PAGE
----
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Oilfield Trend Gives Impetus for Website, Newletter Startup



Citing the influence of the phenomenon some are calling “The Great Crew Change,” the founders of just-launched OK Energy Media have gone live with their website and have circulated the first edition of the SCOOP/STACK Journal, an enewsletter serving the oilfield in the Sooner state.


The “Great Crew Change” is the phrase used to describe the workforce turnover currently affecting the oilfield—and other industries as well—as a generation of Baby Boomers enters retirement and leaves in their wake a sizable age gap—and skills gap—that separated them from their still-employed younger peers.



The age gap is the fallout of nearly three decades of relatively low levels of entry-level hiring, a phenomenon that began with the oil bust of the early 1980s and lingered until the hiring boom that came with the shale revolution of the late aughts. That has meant that the age configuration of the current oil patch is weighted very “senior” and very youthful, with little in-between.


All of this has meant that the wave of retirements now happening in the oilfield is bringing about a dearth of long experience, but is ushering in a focus on millennials and on a more tech-savvy, digitized oilfield.



OK Energy Media conducted a study of 100 oil and gas-related businesses working in Oklahoma and found a void in the digital presence within the Oklahoma oilfield community, according to Kit Mullins, founder of the business. “We’re covering that niche, and advocating for it, and serving it as marketers for those businesses that want to cast a wider online net to communicate with a youthful digital audience,” she said.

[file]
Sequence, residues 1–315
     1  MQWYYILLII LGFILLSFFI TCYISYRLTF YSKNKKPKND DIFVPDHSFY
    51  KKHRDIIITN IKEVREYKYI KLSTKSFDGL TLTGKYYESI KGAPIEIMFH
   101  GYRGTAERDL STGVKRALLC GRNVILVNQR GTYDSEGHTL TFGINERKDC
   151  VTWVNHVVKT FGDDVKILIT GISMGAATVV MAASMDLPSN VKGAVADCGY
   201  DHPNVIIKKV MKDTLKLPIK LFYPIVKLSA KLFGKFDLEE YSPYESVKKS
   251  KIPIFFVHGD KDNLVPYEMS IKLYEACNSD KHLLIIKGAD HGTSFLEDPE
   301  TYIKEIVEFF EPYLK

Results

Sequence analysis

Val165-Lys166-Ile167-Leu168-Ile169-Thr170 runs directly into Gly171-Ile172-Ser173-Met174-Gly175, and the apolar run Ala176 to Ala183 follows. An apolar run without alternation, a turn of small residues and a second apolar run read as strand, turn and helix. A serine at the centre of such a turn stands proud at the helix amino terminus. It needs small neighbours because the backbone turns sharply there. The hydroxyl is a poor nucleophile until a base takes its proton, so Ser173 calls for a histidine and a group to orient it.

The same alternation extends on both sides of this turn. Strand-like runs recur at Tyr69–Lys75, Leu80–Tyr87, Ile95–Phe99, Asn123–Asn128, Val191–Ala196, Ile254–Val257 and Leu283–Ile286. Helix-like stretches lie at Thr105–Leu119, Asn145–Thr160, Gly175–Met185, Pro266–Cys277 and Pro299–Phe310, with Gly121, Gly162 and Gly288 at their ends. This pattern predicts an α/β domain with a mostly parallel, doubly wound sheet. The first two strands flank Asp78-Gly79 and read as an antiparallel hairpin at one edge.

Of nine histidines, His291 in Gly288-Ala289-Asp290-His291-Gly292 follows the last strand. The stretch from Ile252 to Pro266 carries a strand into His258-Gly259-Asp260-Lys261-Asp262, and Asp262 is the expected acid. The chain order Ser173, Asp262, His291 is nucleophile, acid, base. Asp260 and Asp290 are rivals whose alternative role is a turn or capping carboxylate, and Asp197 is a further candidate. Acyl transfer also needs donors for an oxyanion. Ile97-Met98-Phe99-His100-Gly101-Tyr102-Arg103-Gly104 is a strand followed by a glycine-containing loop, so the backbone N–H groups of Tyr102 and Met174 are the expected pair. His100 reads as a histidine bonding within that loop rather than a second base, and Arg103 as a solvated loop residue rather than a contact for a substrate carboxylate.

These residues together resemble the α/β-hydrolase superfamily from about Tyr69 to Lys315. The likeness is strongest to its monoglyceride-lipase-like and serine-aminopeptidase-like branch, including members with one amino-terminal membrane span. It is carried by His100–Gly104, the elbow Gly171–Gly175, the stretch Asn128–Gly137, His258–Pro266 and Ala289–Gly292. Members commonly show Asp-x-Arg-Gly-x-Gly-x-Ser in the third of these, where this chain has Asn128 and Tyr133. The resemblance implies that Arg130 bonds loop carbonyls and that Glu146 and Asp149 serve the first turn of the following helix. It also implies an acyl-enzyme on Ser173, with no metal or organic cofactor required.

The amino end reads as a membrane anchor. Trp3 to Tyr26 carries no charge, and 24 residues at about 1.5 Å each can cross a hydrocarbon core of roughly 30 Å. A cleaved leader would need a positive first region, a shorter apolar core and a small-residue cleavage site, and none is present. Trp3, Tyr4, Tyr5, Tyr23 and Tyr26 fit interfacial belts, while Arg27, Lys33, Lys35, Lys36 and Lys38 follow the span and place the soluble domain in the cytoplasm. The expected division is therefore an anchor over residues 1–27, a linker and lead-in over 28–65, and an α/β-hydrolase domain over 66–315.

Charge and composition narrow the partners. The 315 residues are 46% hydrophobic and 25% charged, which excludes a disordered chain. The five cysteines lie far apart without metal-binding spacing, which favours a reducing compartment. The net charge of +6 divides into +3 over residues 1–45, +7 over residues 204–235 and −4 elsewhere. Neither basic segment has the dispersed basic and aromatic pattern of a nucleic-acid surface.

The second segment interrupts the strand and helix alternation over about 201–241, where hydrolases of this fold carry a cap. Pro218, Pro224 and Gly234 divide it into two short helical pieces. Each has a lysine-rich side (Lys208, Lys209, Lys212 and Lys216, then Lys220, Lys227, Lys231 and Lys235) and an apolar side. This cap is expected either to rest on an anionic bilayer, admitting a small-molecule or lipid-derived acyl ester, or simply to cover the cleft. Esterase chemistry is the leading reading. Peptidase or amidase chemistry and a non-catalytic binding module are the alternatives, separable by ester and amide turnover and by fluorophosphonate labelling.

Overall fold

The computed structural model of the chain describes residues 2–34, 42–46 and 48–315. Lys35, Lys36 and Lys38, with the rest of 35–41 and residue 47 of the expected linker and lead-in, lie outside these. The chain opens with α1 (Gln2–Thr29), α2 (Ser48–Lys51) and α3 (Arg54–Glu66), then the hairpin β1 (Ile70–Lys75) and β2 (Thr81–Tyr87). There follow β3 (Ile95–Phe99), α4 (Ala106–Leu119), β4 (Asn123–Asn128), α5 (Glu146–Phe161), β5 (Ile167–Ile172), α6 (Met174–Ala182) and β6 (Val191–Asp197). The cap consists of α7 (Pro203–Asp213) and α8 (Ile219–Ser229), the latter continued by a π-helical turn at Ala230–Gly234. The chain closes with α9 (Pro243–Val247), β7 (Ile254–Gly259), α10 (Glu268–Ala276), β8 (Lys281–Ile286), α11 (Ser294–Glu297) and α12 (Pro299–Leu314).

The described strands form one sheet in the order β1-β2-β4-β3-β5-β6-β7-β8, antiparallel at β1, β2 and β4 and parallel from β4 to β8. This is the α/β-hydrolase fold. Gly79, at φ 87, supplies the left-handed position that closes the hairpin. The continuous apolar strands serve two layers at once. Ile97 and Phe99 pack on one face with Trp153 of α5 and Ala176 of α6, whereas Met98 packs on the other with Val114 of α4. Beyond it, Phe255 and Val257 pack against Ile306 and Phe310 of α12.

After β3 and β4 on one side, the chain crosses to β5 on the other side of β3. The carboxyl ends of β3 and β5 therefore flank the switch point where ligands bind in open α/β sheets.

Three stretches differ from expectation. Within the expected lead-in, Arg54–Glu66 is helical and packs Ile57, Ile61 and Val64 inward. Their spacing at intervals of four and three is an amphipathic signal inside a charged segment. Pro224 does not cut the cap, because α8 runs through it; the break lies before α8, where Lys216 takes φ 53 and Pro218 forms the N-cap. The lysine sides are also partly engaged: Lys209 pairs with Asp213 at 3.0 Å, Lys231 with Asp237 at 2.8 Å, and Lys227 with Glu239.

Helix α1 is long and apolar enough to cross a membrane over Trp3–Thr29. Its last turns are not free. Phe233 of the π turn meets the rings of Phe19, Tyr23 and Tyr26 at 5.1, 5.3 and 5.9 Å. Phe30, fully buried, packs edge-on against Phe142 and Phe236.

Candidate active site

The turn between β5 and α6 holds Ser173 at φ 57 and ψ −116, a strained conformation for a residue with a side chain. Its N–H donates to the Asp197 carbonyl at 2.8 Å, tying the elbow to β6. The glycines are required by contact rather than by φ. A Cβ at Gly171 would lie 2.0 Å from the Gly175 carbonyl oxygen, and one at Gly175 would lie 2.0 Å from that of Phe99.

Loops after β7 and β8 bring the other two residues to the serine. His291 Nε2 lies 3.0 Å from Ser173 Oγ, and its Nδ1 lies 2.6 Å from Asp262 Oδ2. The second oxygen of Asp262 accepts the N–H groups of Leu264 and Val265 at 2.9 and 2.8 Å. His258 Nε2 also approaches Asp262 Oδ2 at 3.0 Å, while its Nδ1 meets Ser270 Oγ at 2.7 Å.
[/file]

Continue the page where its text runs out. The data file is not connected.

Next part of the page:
Mullins said that until recent times, oil professionals and their companies communicated with each other almost exclusively through word of mouth, or through the “good ol’ boy” network, or through published directories or other traditional media. That has changed, she said. Millennials, who are ever-more-important in the oilfield, connect via devices, and have little interest in non-interactive traditional media.


As for targeting Oklahoma, that was a calculated decision, Mullins said.
“We passed over Texas—even though we live in Texas—and passed over all other major oil regions in favor of concentrating on the SCOOP STACK, because we feel that Oklahoma’s oil patch is vibrant but underserved and undervalued, and therefore ripe for this kind of attention.
“Also, we have people working here who either grew up in Oklahoma or spent part of their adult lives there, so we have some direct familiarity with the state,” Mullins said.


OK Energy Media maintains its website at The SCOOP/STACK Journal is available free to anyone wishing to subscribe. A signup page can be found online at The pilot issue of the Journal includes an article on the Oklahoma rig count, a review of the oilfield-themed motion picture The Iron Orchard, a look at “The O&G Workplace of the Future,” and other content.


Kit Mullins
OK Energy Media
1049 North Third, Suite 405
Abilene, TX 79601

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